Retired Spook writes in:
It appears that Professor Reynolds is correct, after all. Things that can’t go on forever, won’t. And “hope” is rarely a viable gameplan.
More and more, I’m investing in metals, especially brass, copper and lead. Seems like that’s going to be the only usable currency down the road a little ways.
Wasn’t it Cromwell who said “Put your faith in The Lord, but keep your powder dry”?
Not Ollie Cromwell, who was an idiot, but William Blacker in 1834 who attributed it to him but made it up himself. Where were we? Ah yes, of course, we should not be surprised: Gormogons predictions are as stunningly accurate as dumping a cup of a vodka Slimfast and being amazed there is liquid on the floor. Of course we are right, when we have such educated and entertaining followers.
Indeed, Retired Spooks piece has been sitting in the Czars increasingly cluttered inbox for over a week, and in that time the situation in China has gone about how we expected it to: it is a Potemkin economy, and China cannot sustain it. When they are this over-leveraged and dependent upon a shrinking world economy, well, they begin selling off our debt to Belgium. Where does one even begin?
Actually, the solution is pretty clear: the American economy is poised to go bonkers, increasing production, reducing unemployment, and growing incomes. We just need someone else in charge who might, you know, focus like a laser on it rather than visit internet talk shows and draw up NCAA brackets.
Meantime, Operative BJ wants to ask whether failure to act is equal to action itself. Well, in Taoism, absolutely…or as absolute as a Taoist gets, anyway.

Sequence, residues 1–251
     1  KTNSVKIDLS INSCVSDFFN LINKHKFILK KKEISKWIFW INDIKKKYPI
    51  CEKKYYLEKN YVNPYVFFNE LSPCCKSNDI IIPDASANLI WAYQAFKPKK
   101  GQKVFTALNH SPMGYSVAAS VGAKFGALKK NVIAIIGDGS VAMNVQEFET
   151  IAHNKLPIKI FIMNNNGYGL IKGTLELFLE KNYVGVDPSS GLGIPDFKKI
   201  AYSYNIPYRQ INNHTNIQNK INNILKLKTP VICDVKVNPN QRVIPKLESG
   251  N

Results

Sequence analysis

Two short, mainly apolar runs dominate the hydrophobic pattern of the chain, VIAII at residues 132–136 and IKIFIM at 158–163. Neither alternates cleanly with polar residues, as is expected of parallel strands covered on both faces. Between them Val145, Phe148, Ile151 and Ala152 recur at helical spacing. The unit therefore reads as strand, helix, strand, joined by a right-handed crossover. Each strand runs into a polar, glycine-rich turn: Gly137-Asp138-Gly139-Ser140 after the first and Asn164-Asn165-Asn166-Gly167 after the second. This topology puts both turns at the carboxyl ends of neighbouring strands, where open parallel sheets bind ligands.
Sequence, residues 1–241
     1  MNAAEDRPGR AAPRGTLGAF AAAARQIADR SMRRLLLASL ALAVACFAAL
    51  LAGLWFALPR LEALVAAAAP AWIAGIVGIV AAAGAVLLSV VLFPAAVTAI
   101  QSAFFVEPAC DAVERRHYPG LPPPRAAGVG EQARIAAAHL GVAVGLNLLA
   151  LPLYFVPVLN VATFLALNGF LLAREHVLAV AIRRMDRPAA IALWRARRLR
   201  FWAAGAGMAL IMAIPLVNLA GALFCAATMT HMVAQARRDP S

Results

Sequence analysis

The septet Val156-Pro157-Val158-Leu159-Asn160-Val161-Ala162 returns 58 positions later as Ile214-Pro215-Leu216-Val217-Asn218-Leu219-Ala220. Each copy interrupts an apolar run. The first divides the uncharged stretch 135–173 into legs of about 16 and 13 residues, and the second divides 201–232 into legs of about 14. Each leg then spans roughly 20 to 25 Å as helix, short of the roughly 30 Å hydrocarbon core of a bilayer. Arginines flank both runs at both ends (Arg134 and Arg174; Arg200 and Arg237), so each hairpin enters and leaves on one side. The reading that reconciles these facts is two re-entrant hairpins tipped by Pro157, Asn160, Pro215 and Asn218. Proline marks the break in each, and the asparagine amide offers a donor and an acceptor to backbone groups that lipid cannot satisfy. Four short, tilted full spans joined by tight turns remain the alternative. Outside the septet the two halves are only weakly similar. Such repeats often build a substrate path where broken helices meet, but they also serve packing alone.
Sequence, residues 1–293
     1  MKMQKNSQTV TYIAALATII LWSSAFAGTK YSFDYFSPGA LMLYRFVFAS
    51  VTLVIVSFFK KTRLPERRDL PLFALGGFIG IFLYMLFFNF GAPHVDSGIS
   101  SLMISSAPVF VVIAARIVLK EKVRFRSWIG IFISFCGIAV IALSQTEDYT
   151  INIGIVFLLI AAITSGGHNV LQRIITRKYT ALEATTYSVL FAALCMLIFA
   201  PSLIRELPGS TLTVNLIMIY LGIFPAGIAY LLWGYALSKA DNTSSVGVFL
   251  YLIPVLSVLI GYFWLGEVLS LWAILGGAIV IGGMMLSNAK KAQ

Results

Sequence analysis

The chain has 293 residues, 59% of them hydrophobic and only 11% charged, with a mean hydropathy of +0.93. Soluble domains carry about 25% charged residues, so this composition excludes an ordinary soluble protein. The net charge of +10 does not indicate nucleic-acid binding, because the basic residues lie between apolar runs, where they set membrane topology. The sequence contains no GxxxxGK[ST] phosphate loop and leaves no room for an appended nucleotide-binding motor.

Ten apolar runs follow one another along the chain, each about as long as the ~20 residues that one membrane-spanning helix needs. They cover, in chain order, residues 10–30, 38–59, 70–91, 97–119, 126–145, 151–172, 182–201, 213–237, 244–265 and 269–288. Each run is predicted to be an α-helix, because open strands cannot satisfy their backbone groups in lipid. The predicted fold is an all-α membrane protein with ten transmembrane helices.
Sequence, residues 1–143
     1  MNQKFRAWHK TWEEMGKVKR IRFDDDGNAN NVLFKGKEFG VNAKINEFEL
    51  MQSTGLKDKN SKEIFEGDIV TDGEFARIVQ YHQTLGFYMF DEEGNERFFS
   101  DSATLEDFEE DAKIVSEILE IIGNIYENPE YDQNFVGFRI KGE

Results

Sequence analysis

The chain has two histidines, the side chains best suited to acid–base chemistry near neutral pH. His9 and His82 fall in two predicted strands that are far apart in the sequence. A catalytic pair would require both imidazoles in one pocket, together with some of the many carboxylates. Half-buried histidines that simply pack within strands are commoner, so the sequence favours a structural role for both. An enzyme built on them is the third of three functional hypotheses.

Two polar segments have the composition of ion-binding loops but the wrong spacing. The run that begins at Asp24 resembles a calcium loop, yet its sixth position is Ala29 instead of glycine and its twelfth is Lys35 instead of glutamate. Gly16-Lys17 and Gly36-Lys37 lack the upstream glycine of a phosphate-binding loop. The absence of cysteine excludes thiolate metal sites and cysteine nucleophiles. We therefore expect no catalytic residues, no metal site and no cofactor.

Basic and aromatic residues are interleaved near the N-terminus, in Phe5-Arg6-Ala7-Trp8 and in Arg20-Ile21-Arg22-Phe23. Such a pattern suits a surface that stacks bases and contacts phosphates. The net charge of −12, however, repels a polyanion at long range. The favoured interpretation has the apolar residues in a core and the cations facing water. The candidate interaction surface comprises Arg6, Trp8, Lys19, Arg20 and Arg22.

My Leige Lord,
This lowly one pleads forgiveness when responding to your most recent dissertation, but I approach to ask a question: is not inaction in the face of a wrong, an action in itself? Or, to speak plainly, if I have the ability to take an action to prevent or undo a wrong and I do nothing, haven’t I perpetuated that wrong?
I speak of the current Republican Party and of its leadership’s failure to address the growing list of wrongs in government. Or, perhaps not the Republican Party itself, but of senior members in that party and how the party pays homage to those senior members rather than its core beliefs (if it has any beliefs left). And how the Republican Party, by which I mean its leadership, does not take principled stands against such wrongs.
It is useless to discuss the precepts of party on the “other side of the aisle”, as their core principles require a continuing expansion of government. But this lowly one was hoping for more than just “go along to get along” from the Republican Party, which claims to be the party of Reagan, fiscal sanity, and social responsibility.
For example, Senators McCain, Graham, and others voted to end the “government shutdown” in October of last year, even while knowing that the “shutdown” would not have put the U.S. into “default”. Indeed, payment on the debt, as well as other mandatory payments, would have continued unabated. And as we now know, the “shutdown” actually had little real effect on the average citizen. So, at least those two senators (as well as a couple of dozen others) abandoned traditional Republican fiscally-conservative principles in order to support Democrat fiscally-insane spending. Does this inaction not count as action?
The Czar is not confident he would accept those terms: ending a shutdown is a concrete action.
Additionally, there is much to debate on the effectiveness of the shutdown, vis–à–vis whether it had zero effect on the average person. Certainly, it was a good policy idea; but when it became politically unsustainable, the Ted Cruz camp was embarrassed to reveal they had no Step 2…because frankly, they didnt think Step 1 would work. But the Democrats figured it out and turned into a mess for everyone. But thats not your point; this is: